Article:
Siggi: And the mark. Voilà. And we always mark the holes with a stone like this so the other locals know that we are baking. Ju: Yeah.
Siggi: No matter how the weather is, the recipe is always the same. When we have a lot of rain and the snow melting from the mountains, this lake can rise up to meter, meter and a half. Then this area here will all be under water.
Ju: Ah, right.
Siggi: So, few times, our breads have basically drowned.
Ju: Oh, no, poor bread!
Siggi: It's like, "It's over there!"
Ju: Oh, no! [laughs] And I'm guessing that's not good to eat, then.
Siggi: Nah, nah.
Ju: Just start again, yeah.
Siggi: More like a bread soup or something.
Ju: This one's been in for 24 hours?
Siggi: Yeah. And you can see there's a lot of energy going on here.
Ju: Oh, wow. Wow, that is hot. How hot is that? Siggi: It's about boiling temperature, actually.
Ju: Mm. Wow. [water boiling]
Siggi: Just love that sound.
Ju: Yeah. That's why it's called lava bread, then? That's the reason for lava bread?
Siggi: Yeah. [shovel grating sand] I'm gonna take most of the sand away from it, and then we open it up just to let the air come in. And... aah. That's good. OK. It's looking very promising.
Ju: Oh, really? Got a good one.
Siggi: You want to do it?
Ju: Um, I'll have a go.
Siggi: Yeah, sounds good.
Ju: Right. [groaning] There we go.
Ju: My bread children.
Siggi: Yes. Now, we are gonna try this inside. I'm gonna cut it into slices and serve it with smoked trout from the lake. But it also tastes really good with boiled eggs. Hot-spring-boiled eggs. So, we're gonna.... [water boiling] One cracked open a little bit.
Ju: That is the most novel way I've ever seen anyone cook an egg.
Siggi: And we leave them here for 13 minutes. I mean, look at that. [laughs]
Ju: That is incredible. This is such a delicate process with such a big spade. [Siggi laughing]
Ju: It's just like....
Siggi: Yeah, with this. Ju: It's so delicate. I love it.
Siggi: If you touch the sand -
Ju: Can I touch - Siggi: Feel how hot it is.
Ju: Ooh, yeah.
Siggi: And it's also fun to touch the lake.
Ju: [gasps] Wow. And people just swim in here every morning?
Siggi: Nah, not every morning. If you, it's, you want to be swimming out there, where the water is colder. Here is hot spring water coming out.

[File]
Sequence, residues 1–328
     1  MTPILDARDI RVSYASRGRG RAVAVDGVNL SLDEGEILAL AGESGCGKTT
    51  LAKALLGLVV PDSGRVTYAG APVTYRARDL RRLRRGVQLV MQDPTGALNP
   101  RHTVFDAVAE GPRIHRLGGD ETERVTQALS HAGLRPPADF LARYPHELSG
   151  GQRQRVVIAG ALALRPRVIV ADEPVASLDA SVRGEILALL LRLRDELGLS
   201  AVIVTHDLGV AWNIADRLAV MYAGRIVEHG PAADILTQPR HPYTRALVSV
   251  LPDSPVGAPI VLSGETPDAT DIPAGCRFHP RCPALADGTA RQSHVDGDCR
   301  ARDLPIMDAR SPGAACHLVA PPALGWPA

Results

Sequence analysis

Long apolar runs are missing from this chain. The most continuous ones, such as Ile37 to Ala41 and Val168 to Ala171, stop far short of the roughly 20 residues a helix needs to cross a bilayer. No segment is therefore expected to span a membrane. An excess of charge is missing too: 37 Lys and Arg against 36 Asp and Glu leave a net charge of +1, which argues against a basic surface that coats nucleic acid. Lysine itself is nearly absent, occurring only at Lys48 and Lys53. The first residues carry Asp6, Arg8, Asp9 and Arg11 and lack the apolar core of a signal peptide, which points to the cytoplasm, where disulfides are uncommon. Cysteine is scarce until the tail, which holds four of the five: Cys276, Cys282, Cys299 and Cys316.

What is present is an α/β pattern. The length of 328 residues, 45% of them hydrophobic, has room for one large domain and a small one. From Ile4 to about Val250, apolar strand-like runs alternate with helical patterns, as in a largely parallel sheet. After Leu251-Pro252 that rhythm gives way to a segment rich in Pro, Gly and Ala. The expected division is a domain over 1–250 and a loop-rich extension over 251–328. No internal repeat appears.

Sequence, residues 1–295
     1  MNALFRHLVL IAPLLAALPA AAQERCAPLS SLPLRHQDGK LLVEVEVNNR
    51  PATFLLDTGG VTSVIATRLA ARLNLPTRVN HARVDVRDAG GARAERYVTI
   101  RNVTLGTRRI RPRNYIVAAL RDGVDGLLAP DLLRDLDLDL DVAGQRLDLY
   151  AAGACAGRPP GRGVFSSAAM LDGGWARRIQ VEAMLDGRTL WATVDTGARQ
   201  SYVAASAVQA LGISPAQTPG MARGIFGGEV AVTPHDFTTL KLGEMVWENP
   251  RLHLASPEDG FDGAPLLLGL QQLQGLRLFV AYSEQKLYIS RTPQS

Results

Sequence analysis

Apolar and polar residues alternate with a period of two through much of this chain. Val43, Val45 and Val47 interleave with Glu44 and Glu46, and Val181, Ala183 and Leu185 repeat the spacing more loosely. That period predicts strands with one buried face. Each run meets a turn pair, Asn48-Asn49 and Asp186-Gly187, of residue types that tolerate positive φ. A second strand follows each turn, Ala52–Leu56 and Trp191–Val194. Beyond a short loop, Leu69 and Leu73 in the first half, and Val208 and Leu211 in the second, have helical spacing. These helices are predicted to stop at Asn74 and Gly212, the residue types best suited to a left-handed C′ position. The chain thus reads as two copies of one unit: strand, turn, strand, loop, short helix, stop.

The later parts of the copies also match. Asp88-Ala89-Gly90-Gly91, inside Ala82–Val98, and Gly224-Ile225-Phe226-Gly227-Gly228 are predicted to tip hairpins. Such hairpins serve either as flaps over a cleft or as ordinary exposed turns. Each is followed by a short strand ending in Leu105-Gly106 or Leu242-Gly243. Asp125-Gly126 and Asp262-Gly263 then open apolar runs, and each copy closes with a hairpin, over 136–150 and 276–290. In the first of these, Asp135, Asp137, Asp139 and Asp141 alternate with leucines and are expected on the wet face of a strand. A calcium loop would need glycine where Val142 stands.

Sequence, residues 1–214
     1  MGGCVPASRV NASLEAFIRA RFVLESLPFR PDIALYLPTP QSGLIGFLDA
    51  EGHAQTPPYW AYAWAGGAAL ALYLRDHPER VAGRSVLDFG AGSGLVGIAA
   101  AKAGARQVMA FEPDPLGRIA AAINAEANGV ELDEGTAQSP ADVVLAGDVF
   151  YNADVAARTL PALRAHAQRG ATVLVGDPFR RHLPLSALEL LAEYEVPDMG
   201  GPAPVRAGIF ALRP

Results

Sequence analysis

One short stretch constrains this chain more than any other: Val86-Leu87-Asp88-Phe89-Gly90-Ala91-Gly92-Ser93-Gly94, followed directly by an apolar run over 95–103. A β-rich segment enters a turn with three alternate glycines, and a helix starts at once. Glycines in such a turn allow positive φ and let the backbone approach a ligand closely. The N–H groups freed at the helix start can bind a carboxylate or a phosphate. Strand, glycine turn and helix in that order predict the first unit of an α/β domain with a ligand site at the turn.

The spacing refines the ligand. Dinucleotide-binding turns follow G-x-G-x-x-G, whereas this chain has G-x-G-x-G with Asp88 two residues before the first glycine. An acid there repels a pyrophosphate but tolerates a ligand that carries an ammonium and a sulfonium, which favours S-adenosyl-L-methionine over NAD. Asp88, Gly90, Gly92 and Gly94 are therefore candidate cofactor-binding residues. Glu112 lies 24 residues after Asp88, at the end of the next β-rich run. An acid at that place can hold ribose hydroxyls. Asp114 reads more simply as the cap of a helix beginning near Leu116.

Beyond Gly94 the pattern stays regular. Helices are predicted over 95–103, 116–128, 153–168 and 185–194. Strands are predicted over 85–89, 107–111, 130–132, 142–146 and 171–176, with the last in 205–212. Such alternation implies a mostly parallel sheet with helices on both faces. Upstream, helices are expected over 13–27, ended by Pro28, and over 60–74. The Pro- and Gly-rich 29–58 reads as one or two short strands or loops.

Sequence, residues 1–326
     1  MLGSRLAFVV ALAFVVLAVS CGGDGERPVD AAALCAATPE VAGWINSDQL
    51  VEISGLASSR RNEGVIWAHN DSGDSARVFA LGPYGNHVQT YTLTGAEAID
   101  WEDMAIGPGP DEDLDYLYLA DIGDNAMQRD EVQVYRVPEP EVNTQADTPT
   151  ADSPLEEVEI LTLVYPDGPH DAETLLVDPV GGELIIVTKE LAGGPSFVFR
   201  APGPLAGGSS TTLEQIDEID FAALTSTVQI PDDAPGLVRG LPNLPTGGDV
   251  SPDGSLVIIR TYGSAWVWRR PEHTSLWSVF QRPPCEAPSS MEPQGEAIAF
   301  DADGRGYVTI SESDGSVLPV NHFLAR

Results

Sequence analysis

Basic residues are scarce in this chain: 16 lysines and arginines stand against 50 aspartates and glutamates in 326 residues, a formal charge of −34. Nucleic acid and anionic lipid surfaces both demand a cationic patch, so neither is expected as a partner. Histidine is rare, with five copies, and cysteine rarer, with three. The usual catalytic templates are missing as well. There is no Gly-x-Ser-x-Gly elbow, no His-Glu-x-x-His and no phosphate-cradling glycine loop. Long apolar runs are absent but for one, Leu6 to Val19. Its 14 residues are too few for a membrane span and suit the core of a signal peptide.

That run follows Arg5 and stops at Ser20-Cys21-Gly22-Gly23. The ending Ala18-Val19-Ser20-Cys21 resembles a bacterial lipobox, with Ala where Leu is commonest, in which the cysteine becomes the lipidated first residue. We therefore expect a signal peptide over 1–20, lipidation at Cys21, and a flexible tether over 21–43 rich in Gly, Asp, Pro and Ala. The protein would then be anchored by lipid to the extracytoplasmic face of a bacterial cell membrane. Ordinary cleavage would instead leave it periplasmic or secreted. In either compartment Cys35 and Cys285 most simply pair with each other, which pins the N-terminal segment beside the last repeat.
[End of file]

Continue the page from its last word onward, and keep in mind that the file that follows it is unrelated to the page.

Ju: Oh, of course.
Siggi: Also, if you look closely in the water, can you see the fish over there, that little fish? This fish is the only fish in the world that has a hot tub, you know. [Ju laughs] And they're OK. I think we are just about done.
Ju: So, it's actually quite a dangerous area, though. I mean, I see you've got a "Danger! Hot Springs" sign.
Siggi: Yeah, it's all, you know, quite warm.
Ju: The smell of that's amazing.
Siggi: Yeah, it is, huh?
Ju: Ah, it's almost like burnt toffee kind of smell. It's really, really sweet. Yeah, yeah. So, how can you expect this to taste? What's the taste of this gonna be like?
Siggi: Like, it's a unique taste for itself, but a lot of our visitors from other countries say it reminds them of, like, a gingerbread. Really nice texture. It's quite, like, a heavy bread. And because it just came from the spring, they're, they're quite warm.
Ju: What's the most traditional way to serve this bread?
Siggi: Exactly like we are doing right now. And you can see how the butter starts to melt right away.
Ju: How old is this recipe? How traditional is this?
Siggi: Well, I've been trying to track it down, and I'm in the very late 1800s, early 1900s. Somewhere there. OK, now we have the hot spring egg here.
Ju: That is a perfect-looking egg.
Siggi: Should we try?
Ju: Yeah! Should we cheers? What do we say?
Siggi: Cheers, yeah.
Ju: What's the Icelandic term?
Siggi: Instead of cheers?
Ju: Skál? Skál.
Siggi: Yeah, skál. [laughs]
Ju: It is really sweet. Mm. Like gingerbread, yeah. [Ju groaning] [Siggi laughing]
Siggi: Well done.
Ju: A true Viking. This is probably the most wholesome thing I've ever done.